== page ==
Our Trans-Pacific Journey in the Time of COVID

When the coronavirus came knocking on Cambodia’s door back in January, it had been just over a year since we left the U.S.

With two toddlers in tow and longing grandparents back in the States, solidifying a return journey back to the States was increasingly becoming a priority with each passing day.

In the previous three years, we were beholden to Lori’s employer for determining the exact timing of such visits and procuring the plane tickets ⏤ an unnecessarily confused and inefficient process that always left us miserable and frustrated.

On the one hand you have shifting project timelines and donor requirements, multiple field supervisors, HQ bureaucracy, employee regulations, the glacial airline ticket procurement process, and the holiday schedules of a multitude of European staff, all dictating the timeline;

On the other hand, you have half a dozen close family members intent on solidifying their personal summer schedules months in advance.

But not in 2020! Lori’s new role in Cambodia left us responsible for figuring out our own holiday flights, which I welcomed.

Finally, control of the process was back in our hands, and we saw no reason to leave family and friends hanging this year.

This was the year we were going to book early, get the seats we wanted, and maybe even be able to reserve choice summer vacation rentals or campsites months in advance (which we simply couldn’t do in previous years).

Or so we thought.

By mid-January, I had found a good deal on a great itinerary and was moments away from clicking the ‘buy’ button, when for some inexplicable reason, I got a feeling in my gut to wait.

We were still six months out from our departure date and Lori was still waiting for confirmation for time off for her vacation dates. Another few days wouldn’t hurt.

Then, the first coronavirus cases suddenly cropped up in the U.S., centered in the Pacific Northwest (where we were headed) of all places.

With the worsening news, I began to feel uneasy about buying the tickets, even in the face of mounting questions from family about our travel dates.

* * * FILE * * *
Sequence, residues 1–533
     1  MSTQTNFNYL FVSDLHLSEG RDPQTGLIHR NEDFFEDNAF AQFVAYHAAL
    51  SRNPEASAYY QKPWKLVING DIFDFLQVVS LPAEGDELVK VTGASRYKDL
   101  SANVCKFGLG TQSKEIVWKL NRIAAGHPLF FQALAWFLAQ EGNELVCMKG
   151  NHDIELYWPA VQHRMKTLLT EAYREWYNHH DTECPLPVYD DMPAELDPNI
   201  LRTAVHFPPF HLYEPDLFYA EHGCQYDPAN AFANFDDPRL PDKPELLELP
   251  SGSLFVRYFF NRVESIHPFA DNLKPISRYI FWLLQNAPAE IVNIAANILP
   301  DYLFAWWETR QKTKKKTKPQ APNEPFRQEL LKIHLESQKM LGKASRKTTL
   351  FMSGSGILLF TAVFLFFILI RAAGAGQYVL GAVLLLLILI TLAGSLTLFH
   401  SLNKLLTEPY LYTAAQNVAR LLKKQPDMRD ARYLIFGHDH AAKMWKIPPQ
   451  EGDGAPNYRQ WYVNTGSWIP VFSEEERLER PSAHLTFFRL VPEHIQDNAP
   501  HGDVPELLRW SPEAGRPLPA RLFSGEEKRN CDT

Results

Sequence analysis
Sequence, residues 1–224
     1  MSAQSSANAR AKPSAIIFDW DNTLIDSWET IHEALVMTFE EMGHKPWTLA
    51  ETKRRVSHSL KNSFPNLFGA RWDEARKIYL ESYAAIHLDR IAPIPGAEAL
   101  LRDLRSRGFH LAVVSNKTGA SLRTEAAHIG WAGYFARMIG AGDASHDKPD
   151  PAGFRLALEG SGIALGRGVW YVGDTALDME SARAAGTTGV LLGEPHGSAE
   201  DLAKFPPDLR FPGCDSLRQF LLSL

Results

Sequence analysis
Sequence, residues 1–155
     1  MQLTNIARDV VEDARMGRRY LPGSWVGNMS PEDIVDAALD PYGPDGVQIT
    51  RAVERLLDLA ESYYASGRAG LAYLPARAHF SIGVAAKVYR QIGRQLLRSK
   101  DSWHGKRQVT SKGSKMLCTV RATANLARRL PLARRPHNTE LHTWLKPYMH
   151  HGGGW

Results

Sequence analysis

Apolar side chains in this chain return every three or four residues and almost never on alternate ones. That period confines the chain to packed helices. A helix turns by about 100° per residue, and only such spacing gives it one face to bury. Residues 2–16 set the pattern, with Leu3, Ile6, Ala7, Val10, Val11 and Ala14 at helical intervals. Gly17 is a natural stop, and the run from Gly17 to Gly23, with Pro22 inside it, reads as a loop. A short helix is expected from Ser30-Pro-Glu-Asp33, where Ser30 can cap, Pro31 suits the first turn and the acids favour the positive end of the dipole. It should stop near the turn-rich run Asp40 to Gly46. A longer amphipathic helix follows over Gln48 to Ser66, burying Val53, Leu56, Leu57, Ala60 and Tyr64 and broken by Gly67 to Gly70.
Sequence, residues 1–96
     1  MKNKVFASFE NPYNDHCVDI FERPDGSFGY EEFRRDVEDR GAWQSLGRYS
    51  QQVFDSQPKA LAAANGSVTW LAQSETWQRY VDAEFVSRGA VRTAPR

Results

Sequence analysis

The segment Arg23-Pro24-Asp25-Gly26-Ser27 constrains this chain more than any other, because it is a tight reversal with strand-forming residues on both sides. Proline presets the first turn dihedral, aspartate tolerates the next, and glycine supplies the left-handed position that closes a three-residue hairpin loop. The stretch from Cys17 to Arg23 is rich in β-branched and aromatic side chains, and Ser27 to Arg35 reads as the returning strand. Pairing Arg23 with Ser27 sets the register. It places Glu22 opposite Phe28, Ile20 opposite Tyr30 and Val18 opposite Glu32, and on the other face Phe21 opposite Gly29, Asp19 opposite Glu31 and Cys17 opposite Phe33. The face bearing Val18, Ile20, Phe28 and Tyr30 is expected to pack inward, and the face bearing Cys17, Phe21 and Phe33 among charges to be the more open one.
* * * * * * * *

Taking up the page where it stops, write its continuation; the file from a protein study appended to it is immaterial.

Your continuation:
Thinking out loud, I told Lori I had a feeling that this coronavirus business may affect our summer plans. She thought I was crazy (she has since apologized…).

Yet, to our astonishment, it wasn’t the pandemic that put the brakes on moving forward with our plans at that point, but Lori’s line managers, who couldn’t certify Lori’s leave so many months in advance.

Every other supervisor either of us have dealt with would have happily invited the opportunity to solidify leave schedules so early. Not this time.

We were pretty frustrated with the situation, and it began to feel like we were headed down the same road we’ve been down in previous years.

Then, mid-March rolled around and, well, you know the rest.

Covid or no covid, we were still intent on figuring out some sort of return back to the U.S. when things improved.

We had an almost-four-year-old, and…Riley, who none of our family had seen since he was just two months old. In July, he would be just shy of his second birthday.

So, despite Lori’s line managers inability to certify her leave, I continued to look for a good deal on fully refundable tickets…and a Covid window.

On 15 March, just four days after the WHO declared the coronavirus a global pandemic, I snatched up the best deal of my life on airline tickets, with Cathay Pacific.

It was a dream itinerary, round trip from Phnom Penh to the U.S., with one short connection, and dirt cheap.

And, fully flexible and fully refundable.

The general feeling at the time was the that the pandemic will have run its course in the next three months, and we’d be on our way.

I’ve already covered most of what happens next on the blog. But, in a nutshell, Lori’s leave never gets certified (instead, her role was flat-out eliminated); two weeks before our intended summer holiday start date, we were forced to cancel our flight and get a refund (spoiler alert: Cathay ends up canceling all service to Cambodia for the foreseeable future); and we scrambled to snatch up whatever one-way tickets out of Cambodia that we can find for a mid-August departure.

And that’s where we find ourselves on August 12th.

The Longest Day Ever

Our 38-hour-long August 12th began with a mad dash to pack up and move out of our Phnom Penh home, get ourselves to the airport with all our stuff, and catch the one and only EVA Air flight this week out of Cambodia.

One of the upsides in all of this was that we were able to exercise quite a bit of control over our itinerary, and I was able to override the travel agent’s choice of Korean Air for EVA.